Muhammad tells us also of women wearing see-through dresses: “women who would be dressed but appear to be naked will not enter paradise” (5310).

Muhammad also disapproved of qaza, i.e., having a part of a boy’s head shaved and leaving a part unshaven.  This may have been an old ritualistic practice or a thoughtless current fashion (5289-5292).


The twenty-third and twenty-fourth books are the “Book of General Behavior” (al-AdAb) and the “Book on Salutations and Greetings” (as-Salam).


Curiously, the book on AdAb starts with personal names.  Muhammad took great interest in this matter.  He said that ugly personal names should be replaced with good ones (5332-5334).  He changed the name of ’Umar’s daughter ’Asiya (“disobedient”) to JamIla (“good and handsome”) (5332).  But he also changed the name of one of his wives from Barra to JuwairIya (5334).  Barra means “pious,” and it is a perfectly good name.

Muhammad said that the dearest names to Allah are SubhAn Allah (“Hallowed be Allah”), and al-Hamidulillah (“praise be to Allah”) (5329).  But he forbade giving the following four names to servants: Aflah (“successful”), RabAh (“profit”), YasAr (“wealth”), and NAfi (“beneficial”) (5327).

“The vilest name in Allah’s sight is Malik al-AmlAk (king of kings).” So is the appellation ShahinshAh, having the same meaning (5338).


People who wanted to name their sons after Muhammad were only allowed to use his personal name (Muhammad), but not his kunya (a name descriptive of some quality or attribute), QAsim.  JAbir narrates that a man named his newborn babe Muhammad.  When other Muslims objected, he went to Muhammad for clarification.  Muhammad said: “Give him my name but do not give him my kunya, for I am QAsim in the sense that I distribute [the spoils of war] and the dues of ZakAt amongst you” (5316).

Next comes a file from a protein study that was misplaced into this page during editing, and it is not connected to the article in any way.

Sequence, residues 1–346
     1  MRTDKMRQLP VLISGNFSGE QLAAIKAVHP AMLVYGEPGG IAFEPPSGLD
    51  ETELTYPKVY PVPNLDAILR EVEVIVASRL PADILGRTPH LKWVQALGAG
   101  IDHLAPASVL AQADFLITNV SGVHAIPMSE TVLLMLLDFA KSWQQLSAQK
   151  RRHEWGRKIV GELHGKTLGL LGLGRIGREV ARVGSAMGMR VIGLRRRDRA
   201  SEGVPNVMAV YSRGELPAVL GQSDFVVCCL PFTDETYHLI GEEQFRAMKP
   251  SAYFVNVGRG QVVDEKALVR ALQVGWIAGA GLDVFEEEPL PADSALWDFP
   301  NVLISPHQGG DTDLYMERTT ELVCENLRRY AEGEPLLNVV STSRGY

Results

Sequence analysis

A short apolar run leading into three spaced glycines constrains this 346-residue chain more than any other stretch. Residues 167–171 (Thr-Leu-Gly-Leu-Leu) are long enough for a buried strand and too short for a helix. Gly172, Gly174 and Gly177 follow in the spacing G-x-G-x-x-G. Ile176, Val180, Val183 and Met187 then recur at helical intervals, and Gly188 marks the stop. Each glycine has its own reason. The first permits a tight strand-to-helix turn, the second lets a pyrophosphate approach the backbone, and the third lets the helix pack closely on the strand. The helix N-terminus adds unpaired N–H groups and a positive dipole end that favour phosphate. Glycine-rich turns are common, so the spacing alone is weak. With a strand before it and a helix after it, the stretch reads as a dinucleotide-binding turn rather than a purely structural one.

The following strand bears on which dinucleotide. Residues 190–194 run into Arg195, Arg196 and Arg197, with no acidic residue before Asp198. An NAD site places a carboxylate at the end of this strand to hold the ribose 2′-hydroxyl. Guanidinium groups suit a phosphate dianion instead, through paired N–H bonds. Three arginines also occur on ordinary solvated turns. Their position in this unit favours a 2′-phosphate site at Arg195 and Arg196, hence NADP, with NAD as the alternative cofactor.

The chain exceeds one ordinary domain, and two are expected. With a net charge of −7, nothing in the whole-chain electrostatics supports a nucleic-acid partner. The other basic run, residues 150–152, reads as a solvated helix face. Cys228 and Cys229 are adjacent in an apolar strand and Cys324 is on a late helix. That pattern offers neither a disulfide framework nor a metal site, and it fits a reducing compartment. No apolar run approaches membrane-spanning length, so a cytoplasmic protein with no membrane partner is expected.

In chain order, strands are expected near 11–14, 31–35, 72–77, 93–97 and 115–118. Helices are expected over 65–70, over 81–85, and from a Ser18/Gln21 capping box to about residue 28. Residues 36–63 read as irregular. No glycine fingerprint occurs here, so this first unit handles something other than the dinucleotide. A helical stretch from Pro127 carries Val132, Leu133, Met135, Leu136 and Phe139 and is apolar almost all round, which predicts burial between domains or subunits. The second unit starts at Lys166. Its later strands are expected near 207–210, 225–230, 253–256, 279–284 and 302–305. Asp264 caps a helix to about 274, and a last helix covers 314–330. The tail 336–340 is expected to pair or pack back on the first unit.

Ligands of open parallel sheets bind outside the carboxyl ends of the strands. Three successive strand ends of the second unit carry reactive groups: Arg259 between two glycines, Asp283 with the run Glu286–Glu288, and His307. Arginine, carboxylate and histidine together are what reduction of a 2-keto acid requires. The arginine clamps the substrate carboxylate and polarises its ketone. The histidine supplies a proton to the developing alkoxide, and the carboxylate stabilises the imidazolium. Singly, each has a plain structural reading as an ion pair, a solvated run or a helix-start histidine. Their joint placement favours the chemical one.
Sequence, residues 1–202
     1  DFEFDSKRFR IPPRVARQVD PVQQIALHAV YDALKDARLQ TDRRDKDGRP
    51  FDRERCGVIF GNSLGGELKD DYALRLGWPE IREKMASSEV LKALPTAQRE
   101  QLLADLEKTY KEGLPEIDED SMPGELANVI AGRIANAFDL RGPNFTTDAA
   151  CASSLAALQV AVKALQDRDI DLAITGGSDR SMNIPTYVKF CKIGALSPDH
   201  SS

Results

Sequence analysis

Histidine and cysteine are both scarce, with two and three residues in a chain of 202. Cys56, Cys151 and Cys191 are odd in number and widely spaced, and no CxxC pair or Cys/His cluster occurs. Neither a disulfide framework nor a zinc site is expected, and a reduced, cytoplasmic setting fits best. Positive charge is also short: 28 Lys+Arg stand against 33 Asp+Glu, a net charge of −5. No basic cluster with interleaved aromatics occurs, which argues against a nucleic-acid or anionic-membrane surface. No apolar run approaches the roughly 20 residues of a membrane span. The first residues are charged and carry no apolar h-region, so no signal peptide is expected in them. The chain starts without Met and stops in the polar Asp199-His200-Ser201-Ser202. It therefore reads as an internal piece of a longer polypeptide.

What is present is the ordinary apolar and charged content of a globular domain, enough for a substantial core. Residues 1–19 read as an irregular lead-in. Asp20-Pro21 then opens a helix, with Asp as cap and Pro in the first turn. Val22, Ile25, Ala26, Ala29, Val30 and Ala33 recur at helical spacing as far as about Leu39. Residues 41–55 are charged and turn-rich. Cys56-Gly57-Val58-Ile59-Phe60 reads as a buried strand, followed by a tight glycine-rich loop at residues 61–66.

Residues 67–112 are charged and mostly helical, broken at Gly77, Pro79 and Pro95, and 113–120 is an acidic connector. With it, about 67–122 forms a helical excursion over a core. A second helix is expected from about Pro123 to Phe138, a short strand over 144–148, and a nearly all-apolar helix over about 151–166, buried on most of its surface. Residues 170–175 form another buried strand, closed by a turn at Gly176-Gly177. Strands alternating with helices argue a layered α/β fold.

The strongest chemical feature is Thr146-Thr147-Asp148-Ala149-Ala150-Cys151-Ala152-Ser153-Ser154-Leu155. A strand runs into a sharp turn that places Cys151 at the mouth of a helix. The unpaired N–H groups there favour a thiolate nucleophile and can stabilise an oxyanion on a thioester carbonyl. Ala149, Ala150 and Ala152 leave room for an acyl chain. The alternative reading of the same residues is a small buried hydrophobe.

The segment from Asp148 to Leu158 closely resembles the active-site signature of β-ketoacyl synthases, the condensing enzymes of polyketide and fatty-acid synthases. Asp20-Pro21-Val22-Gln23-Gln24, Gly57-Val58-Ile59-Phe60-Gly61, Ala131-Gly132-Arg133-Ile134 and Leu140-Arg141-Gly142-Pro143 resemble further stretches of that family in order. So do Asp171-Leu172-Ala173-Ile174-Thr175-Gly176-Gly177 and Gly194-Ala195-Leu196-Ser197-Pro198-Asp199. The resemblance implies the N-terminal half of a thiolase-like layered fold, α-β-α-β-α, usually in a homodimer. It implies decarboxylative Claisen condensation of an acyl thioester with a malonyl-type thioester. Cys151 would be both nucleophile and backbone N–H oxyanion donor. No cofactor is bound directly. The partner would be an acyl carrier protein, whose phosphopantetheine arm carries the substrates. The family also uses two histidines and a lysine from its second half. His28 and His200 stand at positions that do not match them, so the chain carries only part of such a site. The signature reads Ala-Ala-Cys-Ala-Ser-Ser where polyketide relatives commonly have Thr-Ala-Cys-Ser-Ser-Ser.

TahnIk is the practice of blessing a newborn infant with religious piety.  AzAn and IqAma are recited in its right and left cars, and some chewed dates are rubbed over its palate.  AsmA, the daughter of AbU Bakr, gave birth to a baby.  The baby was taken to Muhammad.  Muhammad called for some dates, “chewed them and then put his saliva in his [the infant’s] mouth.  The first thing that entered his stomach was the saliva of Allah’s Messenger. . . . He then rubbed him and blessed him and gave him the name of ’Abdullah.  He [’Abdullah] went to him [the Holy Prophet] when he had attained the age of seven or eight years in order to pledge allegiance to Allah’s Messenger” (5344).


One should not enter anybody’s house without his permission.  When a man seeks permission three times, and it is not granted, “he should come back” (5354).


It is forbidden to peep into the house of another person.  A man peeped through a hole in the door at Allah’s Messenger, who was using a pointed object of some kind to arrange the hair on his head.  Allah’s Messenger said to him: “If I were to know that you had been peeping, I would have thrust it into your eyes” (5367).  Then Muhammad pronounced: “He who peeped into the house of people without their consent, it is permissible for them to put out his eyes” (5370).


“Six are the rights of a Muslim over another Muslim . . . When you meet him, offer him greetings; when he invites you to a feast accept it; when he seeks your counsel give him; and when he sneezes and says: ‘All praise to Allah,’ you say, ‘May Allah show mercy to you’; and when he falls ill visit him; and when he dies follow his bier” (5379).